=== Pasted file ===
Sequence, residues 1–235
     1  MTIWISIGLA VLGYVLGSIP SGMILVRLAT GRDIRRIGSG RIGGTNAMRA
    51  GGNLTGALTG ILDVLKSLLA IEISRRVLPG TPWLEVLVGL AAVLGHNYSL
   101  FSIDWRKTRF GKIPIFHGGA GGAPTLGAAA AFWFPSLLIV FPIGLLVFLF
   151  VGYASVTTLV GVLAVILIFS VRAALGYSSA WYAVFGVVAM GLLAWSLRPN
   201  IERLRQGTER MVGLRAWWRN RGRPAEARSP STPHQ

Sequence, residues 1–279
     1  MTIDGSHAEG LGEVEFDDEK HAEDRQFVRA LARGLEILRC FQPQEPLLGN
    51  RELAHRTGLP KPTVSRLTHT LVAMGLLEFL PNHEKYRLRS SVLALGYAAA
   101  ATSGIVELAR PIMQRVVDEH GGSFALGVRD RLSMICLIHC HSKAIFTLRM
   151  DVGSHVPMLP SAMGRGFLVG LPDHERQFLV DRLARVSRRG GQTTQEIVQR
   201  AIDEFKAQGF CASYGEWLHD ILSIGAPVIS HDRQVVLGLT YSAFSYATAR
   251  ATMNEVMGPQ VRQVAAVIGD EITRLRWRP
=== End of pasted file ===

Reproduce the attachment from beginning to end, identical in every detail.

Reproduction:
Sequence, residues 1–235
     1  MTIWISIGLA VLGYVLGSIP SGMILVRLAT GRDIRRIGSG RIGGTNAMRA
    51  GGNLTGALTG ILDVLKSLLA IEISRRVLPG TPWLEVLVGL AAVLGHNYSL
   101  FSIDWRKTRF GKIPIFHGGA GGAPTLGAAA AFWFPSLLIV FPIGLLVFLF
   151  VGYASVTTLV GVLAVILIFS VRAALGYSSA WYAVFGVVAM GLLAWSLRPN
   201  IERLRQGTER MVGLRAWWRN RGRPAEARSP STPHQ

Sequence, residues 1–279
     1  MTIDGSHAEG LGEVEFDDEK HAEDRQFVRA LARGLEILRC FQPQEPLLGN
    51  RELAHRTGLP KPTVSRLTHT LVAMGLLEFL PNHEKYRLRS SVLALGYAAA
   101  ATSGIVELAR PIMQRVVDEH GGSFALGVRD RLSMICLIHC HSKAIFTLRM
   151  DVGSHVPMLP SAMGRGFLVG LPDHERQFLV DRLARVSRRG GQTTQEIVQR
   201  AIDEFKAQGF CASYGEWLHD ILSIGAPVIS HDRQVVLGLT YSAFSYATAR
   251  ATMNEVMGPQ VRQVAAVIGD EITRLRWRP